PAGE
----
“Cleveland, this is for you!”
Those iconic words left LeBron James’ mouth not four months ago, and it’s hard to picture him being anything but devoted to Cleveland, the franchise, the city, his home. In actuality, 13 years ago his sentiments might have been very different.
In his interview with Sports Illustrated following the announcement that he was returning to Cleveland in 2014, Jamse likened his time in Miami to college. It was his four years to break away from everything and mature, to be with his friends, prioritize what was important, and discover who “LeBron James” was. Luckily for Cleveland fans one of the things he learned to prioritize was home.
Loving the Cavs, and home for that matter was part of this new LeBron. Sure, there was passion during his miracle run to the Finals in 2007 and then subsequent domination of the Eastern Conference in 2008 as well as 2009. In the early days, however, James had some understandable doubts about playing with the Cavs.
According to a special report done by ESPN’s resident LeBron James Scholar, Brian Windhorst, LeBron had a not-so-bright view of his home-state Cavs.
“When James was a teenager, he started attending games at the arena, and he couldn’t believe how bad the Cavs were, how empty the arena often was, with its bright blue seats seeming like a neon sign of disinterest. During his senior year of high school, he went to several games, was given courtside seats and visited the locker room. His thought was pretty clear after he watched that 17-win team with the lowest attendance in the league: They were awful, and he didn’t want to be a part of it.”
You wouldn’t have been wrong to agree with LeBron in his position. Since the days of Mark Price, Cleveland simply hadn’t seen success. Helmed by a disgruntled Andre Miller, this Cavs team was just awful. Cleveland hadn’t seen the playoffs since 1998, and by shipping out players for actively worse ones as well as drafting intentionally poorly, it was clear that Cleveland had their eyes on high school phenom LeBron James for years.
By 2003, Cleveland was a team with no coach. They had a nervous ownership group who were openly calling LeBron James the final attempt before attempting a relocation, or at the least, rebuilding the entire franchise. The team had no real stars, with Carlos Boozer and Zydrunas Ilgauskas being the only solid NBA-caliber players on the roster playing in an often empty, uninviting arena. To believe that any potential NBA star, less a man being touted as the second coming of Michael Jordan, would want a part of this franchise would be a folly.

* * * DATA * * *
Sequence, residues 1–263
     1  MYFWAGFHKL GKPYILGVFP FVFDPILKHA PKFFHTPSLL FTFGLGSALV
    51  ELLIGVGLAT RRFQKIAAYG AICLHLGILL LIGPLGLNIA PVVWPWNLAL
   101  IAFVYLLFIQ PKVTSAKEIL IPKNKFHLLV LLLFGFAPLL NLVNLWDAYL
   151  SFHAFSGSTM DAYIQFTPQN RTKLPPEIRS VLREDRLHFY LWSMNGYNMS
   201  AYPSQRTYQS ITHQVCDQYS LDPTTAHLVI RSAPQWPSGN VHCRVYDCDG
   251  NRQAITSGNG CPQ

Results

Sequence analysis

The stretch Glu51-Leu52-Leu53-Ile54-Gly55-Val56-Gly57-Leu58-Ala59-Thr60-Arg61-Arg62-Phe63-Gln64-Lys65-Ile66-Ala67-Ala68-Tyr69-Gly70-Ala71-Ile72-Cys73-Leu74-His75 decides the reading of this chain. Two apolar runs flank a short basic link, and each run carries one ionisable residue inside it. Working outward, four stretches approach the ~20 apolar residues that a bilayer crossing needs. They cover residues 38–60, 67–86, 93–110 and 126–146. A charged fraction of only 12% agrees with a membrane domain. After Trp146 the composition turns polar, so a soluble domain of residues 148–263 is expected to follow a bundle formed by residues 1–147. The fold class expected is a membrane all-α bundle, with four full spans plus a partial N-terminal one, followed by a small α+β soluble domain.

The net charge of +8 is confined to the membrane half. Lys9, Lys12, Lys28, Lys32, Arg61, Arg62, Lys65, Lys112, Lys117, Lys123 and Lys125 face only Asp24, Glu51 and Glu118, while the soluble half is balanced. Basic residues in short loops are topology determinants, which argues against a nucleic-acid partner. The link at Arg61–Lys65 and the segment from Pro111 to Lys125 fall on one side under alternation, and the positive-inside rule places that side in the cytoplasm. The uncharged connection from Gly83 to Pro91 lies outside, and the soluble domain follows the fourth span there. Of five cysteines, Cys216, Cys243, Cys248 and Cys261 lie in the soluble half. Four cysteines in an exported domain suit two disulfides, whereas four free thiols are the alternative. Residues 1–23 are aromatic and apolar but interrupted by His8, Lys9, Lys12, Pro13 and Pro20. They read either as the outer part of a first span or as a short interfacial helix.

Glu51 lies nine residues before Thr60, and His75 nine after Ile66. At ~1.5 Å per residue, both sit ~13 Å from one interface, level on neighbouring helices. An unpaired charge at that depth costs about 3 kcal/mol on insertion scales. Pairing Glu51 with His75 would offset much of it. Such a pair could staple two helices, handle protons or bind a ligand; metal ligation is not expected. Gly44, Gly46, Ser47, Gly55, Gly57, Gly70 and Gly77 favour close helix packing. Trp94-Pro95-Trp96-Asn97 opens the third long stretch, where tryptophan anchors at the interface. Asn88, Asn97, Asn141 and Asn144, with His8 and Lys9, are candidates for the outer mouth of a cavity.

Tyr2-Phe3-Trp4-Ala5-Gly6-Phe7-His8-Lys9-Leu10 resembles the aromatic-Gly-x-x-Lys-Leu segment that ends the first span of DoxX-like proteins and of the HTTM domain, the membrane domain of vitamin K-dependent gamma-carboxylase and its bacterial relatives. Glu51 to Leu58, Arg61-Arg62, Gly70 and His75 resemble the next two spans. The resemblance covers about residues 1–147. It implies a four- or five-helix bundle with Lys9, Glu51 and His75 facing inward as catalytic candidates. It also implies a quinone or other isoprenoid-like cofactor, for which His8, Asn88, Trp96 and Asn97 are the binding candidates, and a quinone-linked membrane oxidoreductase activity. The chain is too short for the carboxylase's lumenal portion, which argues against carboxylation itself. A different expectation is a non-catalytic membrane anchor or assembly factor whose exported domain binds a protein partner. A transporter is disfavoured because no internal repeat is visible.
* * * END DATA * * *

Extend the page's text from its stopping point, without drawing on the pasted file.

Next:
Despite these feelings, fate decided that the Cleveland Cavaliers, not the Denver Nuggets or star-studded Detroit Pistons (who ended up with the second overall pick despite being in the Finals just a year before due to a crafty front office) would earn the rights to the first overall pick, and subsequently LeBron James’ talents. Suddenly the narrative shifted. LeBron was the hometown hero, and that was a role he needed to embrace, even if there was hesitancy towards the city.
Cleveland didn’t do a fantastic job of earning LeBron’s trust in the early days. The first two seasons were full of growth as well as losses, Carlos Boozer left for Utah, and the team didn’t even make the playoffs until James’ third year. During those first two years, the Eastern Conference was home to two sub-500 playoff teams: the Washington Wizards and Philadelphia 76ers.
Even after making the playoffs in 2006, there were still questions of LeBron’s loyalty to Cleveland. While every kid in Cleveland owned a Cavs #23 jersey, LeBron rocked a Yankee’s cap. In July of 2006 LeBron announced his resigning with Cleveland on a 3-year, $60 million deal.
“I am very excited and happy to be re-signing with the Cavaliers. Staying in Cleveland … provides me with the unique opportunity to continue to play in front of my family, friends and fans. I look forward to working toward bringing a championship to our great fans and the city of Cleveland.”
Now, almost 10 years since that 2nd deal James signed with the Cavs, Cleveland fans have lived through the failure of the front office to attract free agents. They couldn’t attract Amar’e Stoudamire, Carmelo Anthony, Dwayne Wade, or any other number of stars. Fans saw the Decision, the Return, and the shortcoming against the Warriors. All of that led up to fans seeing their city become a city of champions. After seeing the Cavs banner being raised and the Indians just one win away, it’s fun to remember a time when James needed a little convincing to play for the Cavs.